Previous studies reported that the satisfaction rate of UKA ranged from 73 to 96.4% [26,27,28], and there existed significant differences among these studies. The discrepancies across the studies might result from differences in gender, race, and preoperative mental health of and type of prosthesis used by the patients, and even differences in the methods used for evaluating patient satisfaction [29,30,31]. The authors of this study attempted to identify the independent predictors of patient satisfaction. However, no demographic characteristics, operative information, or preoperative scores were found to be predictors. Therefore, it was difficult to predict patient satisfaction by any single demographic, surgical or preoperative factor. However, among all the postoperative objective indicators included in this study, both the postoperative KSS and angle E were found to be the predictors of patient satisfaction (P = 0.001; P = 0.032). OR showed that for every 10-point reduction in the postoperative KSS, the risk of patient dissatisfaction increased by 2.59 times, and for cases with excessive deviation in angle E, the risk of patient dissatisfaction rose by 6.723 times. Therefore, it is reasonable to believe that the correct prosthesis position can improve the postoperative KSS and thus improve patient satisfaction.
This study had some limitations. First, the total number of cases included in this study was small (87 cases), resulting in a small sample size in each group after grouping. Second, all the data in this study were from a single institution, and all UKAs were performed by the same surgeon and his assistants. However, our institution is a regional medical center with a large operation volume, and the results can be, to certain degree, generalized to other population. A multicenter study is warranted to increase the generality of the conclusions. Third, some of the patients in this study were followed up for a short time, which may affect assessment of the long-term efficacy, but all patients completed a follow-up after at least 1 year (12–72 months), and the average follow-up time was 28.9 ± 15.0 months. Finally, all patients in this study were treated with an Oxford unicompartmental knee prosthesis, which has a typical mobile-bearing design. Therefore, the conclusions of this study might not applicable to other types of prostheses. Additional studies are needed to compare the differences between the fixed- and mobile-bearing designs.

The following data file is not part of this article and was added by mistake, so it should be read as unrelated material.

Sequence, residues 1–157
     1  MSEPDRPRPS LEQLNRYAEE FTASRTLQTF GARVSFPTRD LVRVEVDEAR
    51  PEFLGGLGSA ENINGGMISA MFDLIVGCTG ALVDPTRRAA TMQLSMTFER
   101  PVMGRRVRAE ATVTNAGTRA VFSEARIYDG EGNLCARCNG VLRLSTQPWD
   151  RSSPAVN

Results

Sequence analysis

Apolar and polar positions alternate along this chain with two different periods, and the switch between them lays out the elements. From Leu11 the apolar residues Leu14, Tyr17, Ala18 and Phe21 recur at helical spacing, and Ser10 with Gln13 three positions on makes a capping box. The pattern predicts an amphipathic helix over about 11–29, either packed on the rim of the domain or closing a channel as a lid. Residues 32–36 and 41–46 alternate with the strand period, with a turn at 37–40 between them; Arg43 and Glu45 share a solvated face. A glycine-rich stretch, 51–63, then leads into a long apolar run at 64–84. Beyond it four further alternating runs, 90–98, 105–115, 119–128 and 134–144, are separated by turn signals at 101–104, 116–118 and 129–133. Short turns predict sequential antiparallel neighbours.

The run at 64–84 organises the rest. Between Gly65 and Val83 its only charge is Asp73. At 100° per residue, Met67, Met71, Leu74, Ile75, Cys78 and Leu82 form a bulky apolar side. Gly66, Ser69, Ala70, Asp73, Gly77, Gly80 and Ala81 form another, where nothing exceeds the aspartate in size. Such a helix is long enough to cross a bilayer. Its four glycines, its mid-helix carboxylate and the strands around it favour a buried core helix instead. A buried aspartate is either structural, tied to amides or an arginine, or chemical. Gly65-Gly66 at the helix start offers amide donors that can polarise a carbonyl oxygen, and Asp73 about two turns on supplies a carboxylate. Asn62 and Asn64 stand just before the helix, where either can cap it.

The Oxford UKA can significantly improve both the NRS score and KSS, and it can also correct varus deformities. A shorter TSO and smaller angle E are predictors of greater KSS improvement. In addition, a higher KSS and smaller angle E are predictors of higher patient satisfaction.
Availability of data and materials
The datasets used and/or analysed during the current study are available from the corresponding author on reasonable request.
Unicompartmental knee arthroplasty
High tibial osteotomy
Total knee arthroplasty
Spontaneous osteonecrosis of the knee
Numerical Rating Scale
Knee Society Score
Body mass index
Time since operation
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We are indebted to all the patients who participated in the study, nurses, paramedical staff and entire research team involved in the study.
This paper is supported by the Natural Science Foundation of Fujian Province (grant number 2018Y4003).
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This study was conducted in accordance with the World Medical Association Declaration of Helsinki and was approved by the ethics committee of the First Affiliated Hospital of Fujian Medical University (Approval number: 2014).
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Informed consents were obtained from all patients.
The authors declare that they have no competing interests.
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Chen, Y., Fang, X., Huang, Z. et al. Factors affecting the clinical outcomes including patient satisfaction after Oxford unicompartmental knee arthroplasty: a retrospective study. Arthroplasty 2, 19 (2020). https://doi.org/10.1186/s42836-020-00038-4